Safety evaluation of the food enzyme cellulase from Trichoderma reesei (strain DP‐Nzc36)

food enzyme, cellulase, 4‐(1,3;1,4)‐beta‐D‐glucan 4‐glucanohydrolase, EC 3.2.1.4, endo‐1,4‐β‐D‐glucanase, Trichoderma reesei, genetically modified microorganism
First published in the EFSA Journal
18. Oktober 2019
Adopted
19. September 2019
Type
Scientific Opinion

Note: The full opinion will be published in accordance with Article 12 of Regulation (EC) No 1331/2008 once decision on confidentiality will be received from the European Commission.

Abstract

The food enzyme cellulase (4‐(1,3;1,4)‐beta‐D‐glucan 4‐glucanohydrolase; EC 3.2.1.4) is produced with the genetically modified Trichoderma reesei strain DP‐Nzc36 by Danisco US Inc. The genetic modifications do not give rise to safety concerns. The food enzyme is free from viable cells of the production organism and recombinant DNA. The food enzyme is intended to be used in distilled alcohol production, starch processing for the production of glucose syrups and brewing processes. Since residual amounts of the food enzyme are removed by distillation and starch processing, no dietary exposure was calculated for these food processes. Based on the maximum use levels recommended for brewing processes and individual data from the EFSA Comprehensive European Food Database, dietary exposure to the food enzyme‐total organic solids (TOS) was estimated to be up to 0.131 mg TOS/kg body weight (bw) per day. Genotoxicity tests did not raise a safety concern. The systemic toxicity was assessed by means of a repeated dose 90‐day oral toxicity study in rats. The Panel identified a no observed adverse effect level of at least 97.6 mg TOS/kg bw per day which, compared to the estimated dietary exposure, results in a margin of exposure of at least 745. Similarity of the amino acid sequence to those of known allergens was searched and no match was found. The Panel considered that, under the intended conditions of use, the risk of allergic sensitisation and elicitation reactions by dietary exposure can be excluded in distilled alcohol production and is considered to be low when the enzyme is used in starch processing and brewing processes. Based on the data provided, the Panel concluded that this food enzyme does not give rise to safety concerns under the intended conditions of use.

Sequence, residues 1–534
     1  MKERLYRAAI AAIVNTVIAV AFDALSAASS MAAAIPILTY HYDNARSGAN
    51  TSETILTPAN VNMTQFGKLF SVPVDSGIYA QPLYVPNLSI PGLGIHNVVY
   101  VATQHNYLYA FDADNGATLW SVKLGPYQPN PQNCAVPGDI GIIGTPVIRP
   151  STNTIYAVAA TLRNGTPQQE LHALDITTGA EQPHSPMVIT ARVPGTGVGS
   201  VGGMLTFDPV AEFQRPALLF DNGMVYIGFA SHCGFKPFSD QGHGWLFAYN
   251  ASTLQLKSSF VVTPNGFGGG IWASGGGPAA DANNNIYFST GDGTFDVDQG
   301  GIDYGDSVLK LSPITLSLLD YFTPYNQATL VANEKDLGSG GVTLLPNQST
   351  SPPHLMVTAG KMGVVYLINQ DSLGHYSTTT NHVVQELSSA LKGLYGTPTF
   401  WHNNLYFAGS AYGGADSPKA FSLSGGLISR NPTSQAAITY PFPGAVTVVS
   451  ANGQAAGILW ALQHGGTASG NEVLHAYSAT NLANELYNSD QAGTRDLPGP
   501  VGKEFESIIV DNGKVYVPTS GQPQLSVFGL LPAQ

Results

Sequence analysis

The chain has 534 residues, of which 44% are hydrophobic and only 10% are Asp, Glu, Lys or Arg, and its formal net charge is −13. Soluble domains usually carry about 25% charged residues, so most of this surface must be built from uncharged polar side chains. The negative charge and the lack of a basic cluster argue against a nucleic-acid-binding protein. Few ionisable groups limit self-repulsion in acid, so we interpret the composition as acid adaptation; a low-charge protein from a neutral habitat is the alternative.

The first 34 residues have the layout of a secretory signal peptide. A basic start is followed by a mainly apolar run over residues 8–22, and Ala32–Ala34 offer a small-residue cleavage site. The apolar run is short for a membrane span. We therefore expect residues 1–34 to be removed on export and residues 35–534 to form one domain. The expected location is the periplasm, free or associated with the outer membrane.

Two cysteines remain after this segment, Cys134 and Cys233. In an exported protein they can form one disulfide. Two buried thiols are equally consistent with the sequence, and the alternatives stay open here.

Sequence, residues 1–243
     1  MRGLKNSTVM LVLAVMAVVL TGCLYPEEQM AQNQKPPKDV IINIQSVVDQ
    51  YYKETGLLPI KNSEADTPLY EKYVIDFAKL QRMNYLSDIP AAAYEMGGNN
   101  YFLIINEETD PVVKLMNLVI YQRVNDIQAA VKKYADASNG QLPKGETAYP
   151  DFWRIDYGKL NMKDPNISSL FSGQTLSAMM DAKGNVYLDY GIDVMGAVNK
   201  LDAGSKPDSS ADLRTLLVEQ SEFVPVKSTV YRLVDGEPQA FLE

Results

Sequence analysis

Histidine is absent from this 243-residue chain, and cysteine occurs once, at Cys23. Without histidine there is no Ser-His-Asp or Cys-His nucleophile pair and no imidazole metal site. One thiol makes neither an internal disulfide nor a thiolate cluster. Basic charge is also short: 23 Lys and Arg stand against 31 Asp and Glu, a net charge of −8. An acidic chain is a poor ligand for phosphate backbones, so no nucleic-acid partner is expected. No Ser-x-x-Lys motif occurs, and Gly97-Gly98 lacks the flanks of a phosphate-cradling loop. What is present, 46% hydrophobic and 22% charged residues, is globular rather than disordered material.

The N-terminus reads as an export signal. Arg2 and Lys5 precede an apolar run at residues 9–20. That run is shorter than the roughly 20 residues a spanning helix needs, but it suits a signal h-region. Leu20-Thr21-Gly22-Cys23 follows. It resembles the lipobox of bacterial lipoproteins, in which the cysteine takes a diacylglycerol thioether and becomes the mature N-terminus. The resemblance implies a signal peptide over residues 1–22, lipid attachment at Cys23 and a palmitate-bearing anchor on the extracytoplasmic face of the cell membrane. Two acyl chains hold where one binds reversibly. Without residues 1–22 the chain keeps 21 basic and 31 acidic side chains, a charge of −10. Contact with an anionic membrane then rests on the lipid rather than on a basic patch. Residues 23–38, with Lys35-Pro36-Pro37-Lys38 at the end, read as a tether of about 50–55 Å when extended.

Panel members at the time of adoption

José Manuel Barat Baviera, Claudia Bolognesi, Andrew Chesson, Pier Sandro Cocconcelli, Riccardo Crebelli, David Michael Gott, Konrad Grob, Evgenia Lampi, Alicja Mortensen, Gilles Riviere, Vittorio Silano, Inger‐Lise Steffensen, Christina Tlustos, Henk van Loveren, Laurence Vernis and Holger Zorn.
Panel on Food Contact Materials, Enzymes and Processing Aids
Contact
fip [at] efsa.europa.eu
doi
10.2903/j.efsa.2019.5839
EFSA Journal 2019;17(10):5839
Question Number
On request from
European Commission